This afternoon we held the convocation ceremony for the 2015 University of Calgary graduates in Environmental Design, Kinesiology and Social Work. In addition to celebrating our new graduates, we also awarded Grant MacEachern (a longtime friend of our university) with the Order of the University of Calgary and Sheldon Kennedy with the honorary degree Doctor of Laws, Honoris Causa.
Along with the university Senate and President, I play a role in selecting honorary degree recipients for each convocation ceremony. I recall my phone call to Sheldon Kennedy last December. As I dialed his number, I said a quick prayer that I wouldn’t mess up the phone call. I was really hoping that Sheldon would honour us by accepting my invitation.
I didn’t mess up the phone call and Sheldon graciously accepted to receive the degree. Today as Sheldon received his degree, my heart swelled up to the size of a beach ball with happiness and pride. He is such a great Canadian and brings honour to our institution.
Professor Aritha van Herk, one of our university Orators, delivered the citation for today’s honorary degree recipient. I asked Aritha if I could include her remarks about Dr. Kennedy in today’s blog entry. These are the beautiful and fitting words that she composed:
Courage is not the absence of fear, but triumph over fear. The brave man is not he who does not feel afraid, but he who conquers his fear. Sheldon Scott Kennedy has faced his fears in a way that few dare to do.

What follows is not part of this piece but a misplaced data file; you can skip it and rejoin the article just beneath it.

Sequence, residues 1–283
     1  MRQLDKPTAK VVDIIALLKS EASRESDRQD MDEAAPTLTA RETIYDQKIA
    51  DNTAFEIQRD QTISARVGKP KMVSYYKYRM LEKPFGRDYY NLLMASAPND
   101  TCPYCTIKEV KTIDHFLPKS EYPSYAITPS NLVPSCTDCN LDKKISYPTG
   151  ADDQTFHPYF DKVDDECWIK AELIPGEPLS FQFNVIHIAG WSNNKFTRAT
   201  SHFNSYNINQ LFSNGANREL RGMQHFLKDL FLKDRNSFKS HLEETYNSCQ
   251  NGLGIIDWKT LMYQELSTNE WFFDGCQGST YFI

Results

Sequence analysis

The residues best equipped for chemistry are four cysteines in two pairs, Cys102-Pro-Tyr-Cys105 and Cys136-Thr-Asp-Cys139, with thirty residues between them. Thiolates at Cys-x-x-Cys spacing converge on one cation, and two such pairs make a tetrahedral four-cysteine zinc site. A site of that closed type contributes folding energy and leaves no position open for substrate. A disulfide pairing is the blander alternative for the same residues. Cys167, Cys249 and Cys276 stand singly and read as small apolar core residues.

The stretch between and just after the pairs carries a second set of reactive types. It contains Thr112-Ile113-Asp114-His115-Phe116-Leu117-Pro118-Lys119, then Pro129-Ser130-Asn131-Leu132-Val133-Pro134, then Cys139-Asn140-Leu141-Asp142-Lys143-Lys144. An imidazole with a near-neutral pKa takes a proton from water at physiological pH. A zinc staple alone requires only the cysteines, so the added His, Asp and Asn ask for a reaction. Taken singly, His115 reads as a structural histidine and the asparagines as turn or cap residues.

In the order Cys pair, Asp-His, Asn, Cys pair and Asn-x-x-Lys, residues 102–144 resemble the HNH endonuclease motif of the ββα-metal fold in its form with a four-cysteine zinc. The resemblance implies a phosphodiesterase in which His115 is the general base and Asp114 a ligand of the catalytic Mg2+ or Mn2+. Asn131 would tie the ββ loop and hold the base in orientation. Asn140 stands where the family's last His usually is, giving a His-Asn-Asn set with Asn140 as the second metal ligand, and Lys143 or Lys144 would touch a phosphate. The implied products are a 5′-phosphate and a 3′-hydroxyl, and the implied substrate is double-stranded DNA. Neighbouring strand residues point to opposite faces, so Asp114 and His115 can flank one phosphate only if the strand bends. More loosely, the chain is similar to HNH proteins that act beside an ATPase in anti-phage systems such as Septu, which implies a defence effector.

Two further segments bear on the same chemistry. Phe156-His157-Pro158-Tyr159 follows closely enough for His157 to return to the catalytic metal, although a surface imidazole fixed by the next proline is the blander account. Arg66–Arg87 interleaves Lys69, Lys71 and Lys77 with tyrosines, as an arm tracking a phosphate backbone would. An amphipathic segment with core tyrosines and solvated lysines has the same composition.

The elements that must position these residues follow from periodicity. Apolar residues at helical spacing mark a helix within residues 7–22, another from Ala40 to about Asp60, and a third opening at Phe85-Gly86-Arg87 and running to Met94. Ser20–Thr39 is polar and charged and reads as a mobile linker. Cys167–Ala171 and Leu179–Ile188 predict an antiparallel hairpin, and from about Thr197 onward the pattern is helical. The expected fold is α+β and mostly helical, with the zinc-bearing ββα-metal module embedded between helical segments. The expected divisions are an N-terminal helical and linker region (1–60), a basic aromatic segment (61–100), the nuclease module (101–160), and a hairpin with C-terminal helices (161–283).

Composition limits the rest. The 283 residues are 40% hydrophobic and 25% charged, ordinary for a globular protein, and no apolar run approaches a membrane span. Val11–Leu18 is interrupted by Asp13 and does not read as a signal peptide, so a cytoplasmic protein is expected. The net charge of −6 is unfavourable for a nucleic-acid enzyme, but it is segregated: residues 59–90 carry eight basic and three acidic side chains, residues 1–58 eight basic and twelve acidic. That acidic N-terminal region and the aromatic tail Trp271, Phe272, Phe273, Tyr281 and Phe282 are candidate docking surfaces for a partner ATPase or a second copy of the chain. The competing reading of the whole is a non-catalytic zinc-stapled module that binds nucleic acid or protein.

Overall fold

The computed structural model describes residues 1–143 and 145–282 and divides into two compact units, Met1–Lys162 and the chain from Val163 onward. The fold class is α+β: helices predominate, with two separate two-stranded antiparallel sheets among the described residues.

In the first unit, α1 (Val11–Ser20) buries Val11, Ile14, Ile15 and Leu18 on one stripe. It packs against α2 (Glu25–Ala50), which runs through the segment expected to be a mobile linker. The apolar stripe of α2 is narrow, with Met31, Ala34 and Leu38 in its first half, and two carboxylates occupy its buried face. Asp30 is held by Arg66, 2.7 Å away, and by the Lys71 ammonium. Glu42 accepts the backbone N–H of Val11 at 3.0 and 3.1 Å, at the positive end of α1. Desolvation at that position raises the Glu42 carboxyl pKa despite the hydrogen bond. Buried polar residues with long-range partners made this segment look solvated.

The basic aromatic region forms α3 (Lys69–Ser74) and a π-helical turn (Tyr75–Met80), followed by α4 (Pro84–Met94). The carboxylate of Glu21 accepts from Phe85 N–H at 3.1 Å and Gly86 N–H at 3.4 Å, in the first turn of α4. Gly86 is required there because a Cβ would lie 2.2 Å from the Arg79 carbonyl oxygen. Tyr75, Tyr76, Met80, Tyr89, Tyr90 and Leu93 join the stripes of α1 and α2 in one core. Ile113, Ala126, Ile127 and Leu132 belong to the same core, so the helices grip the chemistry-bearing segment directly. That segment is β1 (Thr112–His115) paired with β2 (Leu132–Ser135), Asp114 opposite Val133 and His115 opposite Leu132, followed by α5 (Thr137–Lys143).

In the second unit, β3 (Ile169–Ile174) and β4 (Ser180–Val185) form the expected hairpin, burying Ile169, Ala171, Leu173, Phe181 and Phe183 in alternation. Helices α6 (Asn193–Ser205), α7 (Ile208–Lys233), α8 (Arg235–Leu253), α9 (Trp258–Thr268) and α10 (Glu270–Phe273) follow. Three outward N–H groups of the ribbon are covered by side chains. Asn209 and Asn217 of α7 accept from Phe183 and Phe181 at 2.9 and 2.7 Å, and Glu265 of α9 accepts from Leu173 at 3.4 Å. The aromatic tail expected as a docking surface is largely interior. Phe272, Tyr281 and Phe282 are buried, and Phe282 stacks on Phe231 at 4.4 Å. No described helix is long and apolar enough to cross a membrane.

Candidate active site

We think of athletes as invincible, knights without a dent in their armour, powerful and rich. Sheldon Kennedy had the courage to show the world that beneath the jersey and the pads are people who are shy and afraid, people who may be vulnerable and isolated. And what if your protector abuses you? Where can you turn, and how can you respect yourself, believe in yourself, and survive?
Sheldon Kennedy lived these challenges. While he received worldwide admiration as a professional hockey player, he dared to step up and to speak on behalf of abused children everywhere. His disclosure of how he was sexually abused as a junior hockey player marked a turning point in public awareness about the safety of children.
On the ice, speed and foresight are everything. In life, hindsight sometimes wins. Sheldon Kennedy was a contender on the ice, but has become a lion fighting for education in order to protect children and youth from abuse.
In 1998, he rollerbladed across Canada to raise awareness about this issue. His drive to affect change led to the creation of the Respect Group, which provides empowering online education for the prevention of abuse and bullying. The Respect in Sport program has trained thousands of coaches. And he championed the establishment of the Sheldon Kennedy Child Advocacy Centre, an integrated and collaborative model to help victims and their families.
His greatest concern is that victims be believed and supported and that perpetrators be brought to justice. In any power imbalance, prevention and education are key. He says, “ask the tough questions, and then listen to the answers.” He serves as a spokesperson for violence and abuse prevention programs with the Canadian Red Cross and has received several awards for his humanitarian and altruistic efforts.
Sheldon Kennedy swore never to be silent when human beings endure suffering and humiliation. Although he says that he doesn’t like wearing the cape, he has kept to his vow. He models for all courage and selflessness, true bravery.